It’s deceptively easy to get swept up in the label mania of fashion, especially in a city like New York, where it seems like every person you pass on the street is wielding this season’s hot new bag, shoes, or sunglasses. That’s why whenever we’re in need of fresh style inspiration, we head for the places that are a bit off the beaten path, like Nashville, Tennessee. As a mecca of country music, we knew there would be no shortage of glitz, but we were surprised to find more than a few NYC natives who have departed for a life down South. So when we tell some local friends we’re looking for someone who still revels in the overall fun of fashion, they all recommend the same person: Katie Schecter.
The musician and hot-pants aficionado greets us at the door of the Nashville home she shares with her boyfriend, Nick Bockrath—the lead guitarist of Cage The Elephant—sporting a killer pair of bangs and lazy-chic sweats—the kind you always hope to uncover in a bin at Goodwill but never manage to find. “They’re Hanes kids sweatpants!” she reveals with a throaty laugh after welcoming us inside. Little do we know, this is just the beginning of her thrifty fashion mentality. As we head towards her closet to dig for more treasures, we pass a row of gleaming guitars, a large wooden record stand filled to the brim with EPs, and a classic turntable. There’s no mistaking that this is a space to foster creativity, and once we round the corner and spot the racks of clothing—sparkly tops! ’70s suits! rainbow knit dresses!—it’s clear that her creative energy isn’t just limited to music.
We spend the next three hours gleefully diving into Schecter’s collection of vintage ready-to-wear and accessories, as well as a handful of key designer pieces, and quickly notice she’s just as comfortable pairing fishnets and Mary-Jane pumps with the aforementioned hot pants, as she is wearing tailored snakeskin trousers with a furry limoncello cardigan. There’s a casual fearlessness in the way she assembles her outfits, and while the end result is always enviably cool, the process feels more akin to friends playing dress-up than any pressure to look put together. It’s fun, plain and simple.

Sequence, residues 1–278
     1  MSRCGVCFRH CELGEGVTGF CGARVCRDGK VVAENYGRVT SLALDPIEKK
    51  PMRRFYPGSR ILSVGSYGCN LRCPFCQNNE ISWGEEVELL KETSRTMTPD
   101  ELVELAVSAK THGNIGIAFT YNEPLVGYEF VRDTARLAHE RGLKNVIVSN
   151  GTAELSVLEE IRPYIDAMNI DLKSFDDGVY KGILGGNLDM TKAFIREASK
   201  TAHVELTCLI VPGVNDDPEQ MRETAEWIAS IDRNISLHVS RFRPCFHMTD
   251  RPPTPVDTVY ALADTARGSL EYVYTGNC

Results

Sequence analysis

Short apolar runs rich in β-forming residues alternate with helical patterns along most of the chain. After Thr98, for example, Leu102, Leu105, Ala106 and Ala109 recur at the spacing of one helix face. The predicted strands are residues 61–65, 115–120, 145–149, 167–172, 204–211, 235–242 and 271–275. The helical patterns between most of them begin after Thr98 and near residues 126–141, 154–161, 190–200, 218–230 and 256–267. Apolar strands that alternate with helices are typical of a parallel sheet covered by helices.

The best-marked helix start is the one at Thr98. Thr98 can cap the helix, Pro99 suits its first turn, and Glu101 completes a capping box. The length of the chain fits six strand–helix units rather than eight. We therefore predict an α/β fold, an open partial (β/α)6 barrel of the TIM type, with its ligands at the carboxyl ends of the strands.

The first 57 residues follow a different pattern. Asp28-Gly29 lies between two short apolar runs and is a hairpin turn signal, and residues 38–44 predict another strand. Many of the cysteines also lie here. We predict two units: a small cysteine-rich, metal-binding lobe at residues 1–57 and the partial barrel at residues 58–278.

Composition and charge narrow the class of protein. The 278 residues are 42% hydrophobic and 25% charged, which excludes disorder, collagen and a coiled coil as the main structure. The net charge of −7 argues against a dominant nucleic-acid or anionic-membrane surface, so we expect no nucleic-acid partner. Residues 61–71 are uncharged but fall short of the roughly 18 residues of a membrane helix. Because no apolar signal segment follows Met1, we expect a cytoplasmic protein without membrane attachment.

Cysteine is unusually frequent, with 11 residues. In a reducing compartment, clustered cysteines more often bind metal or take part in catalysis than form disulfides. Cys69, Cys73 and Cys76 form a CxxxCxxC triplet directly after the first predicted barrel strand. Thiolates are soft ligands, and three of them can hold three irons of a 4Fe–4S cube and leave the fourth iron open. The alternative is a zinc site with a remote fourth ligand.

In between photos of various sunnies, she recalls what it was like both growing up in New York, and how leaving was ultimately the best thing that could have happened for both her wardrobe and her career. “I think that I was a little more hung up on designers and brands being in New York City,” she muses, throwing on an epic pair of flame-shaped lenses. “Ultimately, having style overshadows having money. People who have good style can literally wear a white t-shirt and jeans and just look perfect. That’s what it’s about. You can’t buy style.” We couldn’t agree more.
Click through to find out Schecter’s go-to outfit for performing onstage, the unexpected brand she swears by for the perfect white t-shirt, and why Elvis’ gold lamé suit is her definition of goals.